Underwater Nude 148
Underwater Nude 148
Underwater Nude 148

Brett Weston

Underwater Nude 148

Carmel Valley, 1980

Original Gelatin Silver Photograph

Image dimensions: 10.5" x 11.5"
Mounted dimensions: 15" x 19"

Pristine condition

certified authentic
Add to Collection — $5,000
Underwater Nude 148
Underwater Nude 148
Underwater Nude 148

Details

Description

Original Gelatin Silver photograph by Brett Weston, "Underwater Nude 148." Individually handmade by Brett Weston from 6x6 format film. Mounted on 15x19” cotton rag museum board and signed in pencil on mount.

Condition

The HD Video of the actual work in question has been provided as a visual condition report. If you would like a written condition report in addition to the HD video, please

Artist

Brett Weston’s lifetime of devotion and total involvement with the medium produced a body of work and contribution to photography that many viewers conclude ultimately surpassed his renowned father in sophisticated visual scope. Brett worked quietly more than three decades after Edward Weston’s death to “take the work as far as I can” and brilliantly conclude the remarkable 90-year Weston Legacy (1903-1993). Brett Weston’s intuitive visual genius has virtually no equal in the history of contemporary photography. His work can be found in many major museums, including the Getty and SFMOMA. His photographs are housed in the permanent collections of over 100 major institutions around the world.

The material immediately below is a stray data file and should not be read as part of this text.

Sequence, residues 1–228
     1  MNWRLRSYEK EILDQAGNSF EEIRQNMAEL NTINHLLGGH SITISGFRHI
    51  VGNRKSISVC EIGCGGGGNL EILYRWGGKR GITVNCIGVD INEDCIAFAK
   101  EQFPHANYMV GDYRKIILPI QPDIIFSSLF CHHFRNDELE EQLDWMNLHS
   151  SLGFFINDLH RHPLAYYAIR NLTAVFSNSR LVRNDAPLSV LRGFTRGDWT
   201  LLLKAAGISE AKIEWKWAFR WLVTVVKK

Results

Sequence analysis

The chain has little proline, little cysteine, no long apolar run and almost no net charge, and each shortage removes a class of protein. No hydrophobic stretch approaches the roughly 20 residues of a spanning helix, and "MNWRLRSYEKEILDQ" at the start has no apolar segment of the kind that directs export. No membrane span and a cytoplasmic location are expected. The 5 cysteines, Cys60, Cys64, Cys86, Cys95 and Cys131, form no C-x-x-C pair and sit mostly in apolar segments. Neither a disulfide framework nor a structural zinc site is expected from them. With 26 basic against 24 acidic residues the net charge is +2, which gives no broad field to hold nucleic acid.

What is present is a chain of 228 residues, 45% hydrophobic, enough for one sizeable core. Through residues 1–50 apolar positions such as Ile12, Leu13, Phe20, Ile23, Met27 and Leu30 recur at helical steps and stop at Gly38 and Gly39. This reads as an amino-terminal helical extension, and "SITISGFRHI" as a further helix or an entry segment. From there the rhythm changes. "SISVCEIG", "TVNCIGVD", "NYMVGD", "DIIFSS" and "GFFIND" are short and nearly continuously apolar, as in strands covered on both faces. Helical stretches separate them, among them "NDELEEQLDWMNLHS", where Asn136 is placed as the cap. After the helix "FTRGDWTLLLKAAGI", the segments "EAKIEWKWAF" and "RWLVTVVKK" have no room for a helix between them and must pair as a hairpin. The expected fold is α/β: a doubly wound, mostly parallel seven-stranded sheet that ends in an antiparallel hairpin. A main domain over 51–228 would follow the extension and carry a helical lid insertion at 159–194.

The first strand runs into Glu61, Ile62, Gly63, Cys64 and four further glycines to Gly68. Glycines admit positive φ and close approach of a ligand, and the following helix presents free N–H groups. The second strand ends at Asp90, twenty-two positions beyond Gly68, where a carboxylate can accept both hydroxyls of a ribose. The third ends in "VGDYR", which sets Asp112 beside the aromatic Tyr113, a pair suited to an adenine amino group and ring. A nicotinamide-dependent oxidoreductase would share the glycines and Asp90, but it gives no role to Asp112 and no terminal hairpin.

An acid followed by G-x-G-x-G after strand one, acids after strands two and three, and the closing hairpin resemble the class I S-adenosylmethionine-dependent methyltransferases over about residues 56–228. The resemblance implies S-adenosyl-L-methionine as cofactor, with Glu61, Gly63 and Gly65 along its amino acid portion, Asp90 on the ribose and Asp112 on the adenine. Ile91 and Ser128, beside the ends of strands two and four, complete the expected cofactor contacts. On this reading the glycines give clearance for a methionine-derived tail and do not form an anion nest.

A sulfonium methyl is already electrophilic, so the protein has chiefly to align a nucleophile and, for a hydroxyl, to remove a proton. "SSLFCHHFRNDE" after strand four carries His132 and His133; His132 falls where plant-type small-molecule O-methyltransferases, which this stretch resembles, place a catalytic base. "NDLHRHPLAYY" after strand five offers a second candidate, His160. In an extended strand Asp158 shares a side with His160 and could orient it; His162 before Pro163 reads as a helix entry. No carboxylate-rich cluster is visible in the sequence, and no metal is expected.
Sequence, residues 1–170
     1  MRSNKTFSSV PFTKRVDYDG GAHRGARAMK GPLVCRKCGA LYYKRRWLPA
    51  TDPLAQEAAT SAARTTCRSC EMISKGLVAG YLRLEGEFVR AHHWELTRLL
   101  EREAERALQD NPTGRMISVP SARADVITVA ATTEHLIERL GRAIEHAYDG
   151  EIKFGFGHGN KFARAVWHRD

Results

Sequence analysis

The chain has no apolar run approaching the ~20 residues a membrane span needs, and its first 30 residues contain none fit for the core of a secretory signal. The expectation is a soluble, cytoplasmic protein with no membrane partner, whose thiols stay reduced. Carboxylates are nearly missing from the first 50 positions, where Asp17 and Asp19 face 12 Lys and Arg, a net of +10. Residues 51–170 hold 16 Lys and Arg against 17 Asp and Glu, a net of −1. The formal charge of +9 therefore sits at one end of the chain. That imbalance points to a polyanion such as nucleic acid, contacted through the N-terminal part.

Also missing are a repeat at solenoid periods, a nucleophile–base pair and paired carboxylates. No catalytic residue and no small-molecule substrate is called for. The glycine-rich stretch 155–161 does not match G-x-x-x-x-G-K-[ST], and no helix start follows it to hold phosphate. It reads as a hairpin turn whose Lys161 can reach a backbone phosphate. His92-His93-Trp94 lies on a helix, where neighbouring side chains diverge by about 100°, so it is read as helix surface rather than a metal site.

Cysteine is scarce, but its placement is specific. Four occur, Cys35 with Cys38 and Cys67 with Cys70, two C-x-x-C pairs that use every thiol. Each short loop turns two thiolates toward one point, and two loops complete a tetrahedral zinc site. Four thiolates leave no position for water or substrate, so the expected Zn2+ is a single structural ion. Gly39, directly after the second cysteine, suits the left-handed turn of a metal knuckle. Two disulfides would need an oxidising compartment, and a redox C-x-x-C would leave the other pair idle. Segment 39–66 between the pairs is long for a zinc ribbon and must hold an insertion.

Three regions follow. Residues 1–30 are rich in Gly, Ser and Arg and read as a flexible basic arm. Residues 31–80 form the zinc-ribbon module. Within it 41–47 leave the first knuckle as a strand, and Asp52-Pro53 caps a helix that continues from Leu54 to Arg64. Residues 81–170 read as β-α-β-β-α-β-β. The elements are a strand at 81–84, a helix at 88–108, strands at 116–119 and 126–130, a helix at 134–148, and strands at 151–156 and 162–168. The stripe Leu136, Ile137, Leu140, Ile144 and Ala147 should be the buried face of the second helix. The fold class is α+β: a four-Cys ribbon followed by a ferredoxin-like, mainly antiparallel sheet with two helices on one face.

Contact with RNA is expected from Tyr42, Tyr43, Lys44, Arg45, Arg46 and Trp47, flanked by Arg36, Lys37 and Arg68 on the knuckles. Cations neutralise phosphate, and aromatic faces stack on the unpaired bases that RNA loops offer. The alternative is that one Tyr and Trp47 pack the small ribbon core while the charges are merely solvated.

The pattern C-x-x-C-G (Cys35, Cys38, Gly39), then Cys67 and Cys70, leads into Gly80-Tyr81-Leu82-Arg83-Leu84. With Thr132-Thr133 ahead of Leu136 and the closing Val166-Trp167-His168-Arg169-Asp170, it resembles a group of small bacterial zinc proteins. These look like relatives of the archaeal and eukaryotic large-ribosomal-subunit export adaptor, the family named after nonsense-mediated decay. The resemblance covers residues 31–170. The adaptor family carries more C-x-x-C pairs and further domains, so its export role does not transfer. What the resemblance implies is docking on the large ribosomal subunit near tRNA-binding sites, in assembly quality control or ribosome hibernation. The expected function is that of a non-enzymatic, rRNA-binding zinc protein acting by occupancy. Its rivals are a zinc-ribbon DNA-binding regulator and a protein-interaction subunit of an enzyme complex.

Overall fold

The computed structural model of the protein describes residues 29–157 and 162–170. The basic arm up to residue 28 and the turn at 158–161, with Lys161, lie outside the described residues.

brett weston in his darkroom

Medium

The most popular black and white process of the 20th century was gelatin silver, in which the image consists of silver metal particles suspended in a gelatin layer. Gelatin silver papers are commercially manufactured by applying an emulsion of light-sensitive silver salts in gelatin to a sheet of paper coated with a layer of baryta, a white pigment mixed with gelatin. The sensitized paper, generally fiber-based, is exposed to light through a negative and then made visible in a chemical reducing solution. William Henry Fox Talbot introduced the basic chemical process in 1839, but the more complex gelatin silver process did not become the most common method of black-and-white darkroom photography until the late 1910s. Because the silver image is suspended in a gelatin emulsion that rests on a pigment-coated paper, gelatin silver can be sharply defined and highly detailed in comparison to platinum or palladium, in which the image is absorbed directly into the fibers of the paper. The Weston’s used Amidol paper developer, which created a very long tonal scale, rich blacks and warm whites.

Cross section of Gelatin Silver paper